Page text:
Is it Safe to Fly Again?
Airports And Airlines Policies, Procedures — Keeping You Safer
Are you ready to fly — to do business; or reunite, refresh, escape?
According to Airlines for America, representing major carriers, passenger numbers in recent months fell to the lowest levels since the 1950s, with about 75% of U.S. flights less than half full. And even though as of this past Memorial Day, demand was down about 90% from last year, the U.S. airlines and the aviation industry are working to get you in the air again, while keeping you safe.
New suggestions and rules are being established to gain your trust, from the time you get to the airport until you’re at your destination. Here’s a summary and suggestions:
Planning your flight
— Check airports and airlines Covid-19 updates as you plan.
— Carry — and use — a mask, wipes and hand sanitizer. If you don’t wear gloves, carry tissues to avoid touching public objects. And remember to keep your hands from your face.Most Popular In: Travel
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— Place belts, wallets, keys, phones and such into your carry-on bag to avoid any extra contacts as you go through security.
— Download airline apps for touchless boarding, to minimize times you have to hand over documents or touch screens. Some airlines have shut down self-service kiosks. Others, such as United, have touchless kiosks that allow you to print bag tags using your own devices to scan a code.
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— Avoid handling cash, which many transactions may not even accept. Get a tap-to-pay card or set up smartphone payments like Apple Pay.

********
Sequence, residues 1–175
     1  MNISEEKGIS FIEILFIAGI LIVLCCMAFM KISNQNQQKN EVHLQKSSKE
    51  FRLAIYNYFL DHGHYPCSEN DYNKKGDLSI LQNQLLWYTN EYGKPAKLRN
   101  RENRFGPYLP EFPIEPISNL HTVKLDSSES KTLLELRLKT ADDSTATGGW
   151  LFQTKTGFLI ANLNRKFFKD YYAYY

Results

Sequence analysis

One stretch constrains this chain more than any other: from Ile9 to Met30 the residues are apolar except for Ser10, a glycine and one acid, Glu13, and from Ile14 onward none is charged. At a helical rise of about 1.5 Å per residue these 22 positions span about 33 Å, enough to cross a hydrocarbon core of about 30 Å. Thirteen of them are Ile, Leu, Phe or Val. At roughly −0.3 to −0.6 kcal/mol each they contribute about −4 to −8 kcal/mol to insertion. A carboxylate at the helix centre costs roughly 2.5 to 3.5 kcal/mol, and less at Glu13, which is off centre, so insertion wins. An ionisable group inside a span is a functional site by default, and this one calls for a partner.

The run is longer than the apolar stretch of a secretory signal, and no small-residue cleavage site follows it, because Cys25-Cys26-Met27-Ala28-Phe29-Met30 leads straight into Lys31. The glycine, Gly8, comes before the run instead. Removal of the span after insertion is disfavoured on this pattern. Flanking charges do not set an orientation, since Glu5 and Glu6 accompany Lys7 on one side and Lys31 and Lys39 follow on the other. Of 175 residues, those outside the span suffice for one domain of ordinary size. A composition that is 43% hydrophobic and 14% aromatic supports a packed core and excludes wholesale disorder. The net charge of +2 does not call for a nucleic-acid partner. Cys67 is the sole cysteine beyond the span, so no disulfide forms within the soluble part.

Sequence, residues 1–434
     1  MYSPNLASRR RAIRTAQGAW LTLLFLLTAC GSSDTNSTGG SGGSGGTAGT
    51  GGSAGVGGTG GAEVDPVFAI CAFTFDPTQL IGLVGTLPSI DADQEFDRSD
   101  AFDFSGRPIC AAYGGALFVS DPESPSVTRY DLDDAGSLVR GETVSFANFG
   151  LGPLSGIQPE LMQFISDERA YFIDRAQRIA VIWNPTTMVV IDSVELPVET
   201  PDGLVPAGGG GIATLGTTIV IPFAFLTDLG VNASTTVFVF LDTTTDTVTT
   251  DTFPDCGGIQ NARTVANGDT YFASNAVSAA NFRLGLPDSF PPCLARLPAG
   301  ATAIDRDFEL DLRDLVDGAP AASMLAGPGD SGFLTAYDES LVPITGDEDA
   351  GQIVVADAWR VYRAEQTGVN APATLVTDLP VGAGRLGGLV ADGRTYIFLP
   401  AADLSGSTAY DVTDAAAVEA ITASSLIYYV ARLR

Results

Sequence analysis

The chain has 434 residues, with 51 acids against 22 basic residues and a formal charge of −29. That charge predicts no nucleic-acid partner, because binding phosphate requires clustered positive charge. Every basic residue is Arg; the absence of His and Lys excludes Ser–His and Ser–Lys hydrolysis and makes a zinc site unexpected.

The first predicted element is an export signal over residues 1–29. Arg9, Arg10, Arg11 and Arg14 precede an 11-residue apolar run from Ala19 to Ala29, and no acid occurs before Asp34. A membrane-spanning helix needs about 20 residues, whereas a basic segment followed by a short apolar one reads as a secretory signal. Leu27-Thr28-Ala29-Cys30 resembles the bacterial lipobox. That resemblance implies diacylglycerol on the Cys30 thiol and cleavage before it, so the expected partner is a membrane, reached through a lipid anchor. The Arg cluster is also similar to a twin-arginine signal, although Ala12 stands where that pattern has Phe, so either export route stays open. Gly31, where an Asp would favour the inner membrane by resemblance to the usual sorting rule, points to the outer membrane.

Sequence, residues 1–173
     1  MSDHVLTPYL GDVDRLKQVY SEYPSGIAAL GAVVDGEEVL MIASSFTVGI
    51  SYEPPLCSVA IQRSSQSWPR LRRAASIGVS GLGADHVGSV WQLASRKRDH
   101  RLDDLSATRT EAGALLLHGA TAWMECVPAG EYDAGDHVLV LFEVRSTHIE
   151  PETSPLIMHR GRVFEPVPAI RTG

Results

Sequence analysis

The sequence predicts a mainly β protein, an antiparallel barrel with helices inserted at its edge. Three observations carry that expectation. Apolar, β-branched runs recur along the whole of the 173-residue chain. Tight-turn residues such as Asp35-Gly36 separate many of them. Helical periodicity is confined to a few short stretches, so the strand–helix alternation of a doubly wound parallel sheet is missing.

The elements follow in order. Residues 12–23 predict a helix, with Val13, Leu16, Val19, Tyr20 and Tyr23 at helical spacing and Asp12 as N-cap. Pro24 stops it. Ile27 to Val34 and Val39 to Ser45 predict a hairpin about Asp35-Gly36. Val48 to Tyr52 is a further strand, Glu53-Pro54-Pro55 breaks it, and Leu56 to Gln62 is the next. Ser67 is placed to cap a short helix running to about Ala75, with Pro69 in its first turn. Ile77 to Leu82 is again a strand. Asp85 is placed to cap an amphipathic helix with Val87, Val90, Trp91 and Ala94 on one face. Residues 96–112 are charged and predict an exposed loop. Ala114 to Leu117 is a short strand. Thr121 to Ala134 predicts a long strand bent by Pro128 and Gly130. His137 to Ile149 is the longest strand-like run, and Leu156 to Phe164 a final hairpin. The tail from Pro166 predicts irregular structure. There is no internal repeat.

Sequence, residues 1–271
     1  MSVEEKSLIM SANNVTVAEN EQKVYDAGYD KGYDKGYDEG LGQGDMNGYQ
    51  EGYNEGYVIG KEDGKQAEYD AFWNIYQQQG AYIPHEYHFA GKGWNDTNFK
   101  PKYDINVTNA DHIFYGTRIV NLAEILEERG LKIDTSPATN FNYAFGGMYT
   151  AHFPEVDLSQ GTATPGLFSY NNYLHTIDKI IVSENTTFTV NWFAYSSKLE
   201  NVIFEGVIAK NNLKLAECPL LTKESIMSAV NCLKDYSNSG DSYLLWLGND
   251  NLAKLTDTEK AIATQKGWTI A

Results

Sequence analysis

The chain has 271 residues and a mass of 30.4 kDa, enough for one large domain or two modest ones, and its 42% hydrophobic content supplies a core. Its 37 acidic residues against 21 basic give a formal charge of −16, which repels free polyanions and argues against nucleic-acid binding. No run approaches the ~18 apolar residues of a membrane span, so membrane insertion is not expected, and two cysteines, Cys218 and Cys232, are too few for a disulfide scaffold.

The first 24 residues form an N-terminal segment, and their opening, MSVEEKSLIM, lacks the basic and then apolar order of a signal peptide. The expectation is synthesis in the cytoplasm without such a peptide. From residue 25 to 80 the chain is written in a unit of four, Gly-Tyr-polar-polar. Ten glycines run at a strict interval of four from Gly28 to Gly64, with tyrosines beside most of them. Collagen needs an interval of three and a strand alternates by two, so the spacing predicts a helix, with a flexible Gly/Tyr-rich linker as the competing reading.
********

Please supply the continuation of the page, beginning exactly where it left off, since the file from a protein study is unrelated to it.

— Airport shops may be closed, and not all airlines are serving food on flights, so bring your delectibles onboard.
Getting to the airport
— Seek a trusted driver to drop you at the departure area in their own car. Many airports now allow only ticketed passengers and people helping them check in to enter terminals.
— Although Uber or Lyft may provide cleaning supplies, if you use the driving service, you can wipe down the seat, belt and door handle with your own supplies entering and (courteously) before exiting. The driving services are not allowing ride shares, and require drivers and passengers to wear masks.
— Learn your airport’s current policies on drop-off and parking. Many airports have closed long-term parking lots, but are keeping daily and hourly garages open.
Screenings at airports
Social distancing requirements are maintained at security checkpoints, and hygiene has been improved in airports and on planes. TSA officers are required to wear face masks, and the agency encourages travelers to do so in departure halls and gate areas.
Other new traveler health requirements while going through security include:
— scanning your own paper or electronic boarding passes instead of handing them to a TSA officer.
— placing food into a clear plastic bag and removing it from carry-on bags, much as you would small toiletries. This way TSA officers don’t have to remove and handle these goods if they set off an alarm in the X-ray scanner.
Most airports have increased hand sanitizer stations and cleaning rates, and many are requiring all passengers to wear masks. Many airports now use Continuous Air and Surface Pathogen Reduction (CASPR), which sanitizes air and surfaces by converting oxygen and moisture into hydrogen peroxide.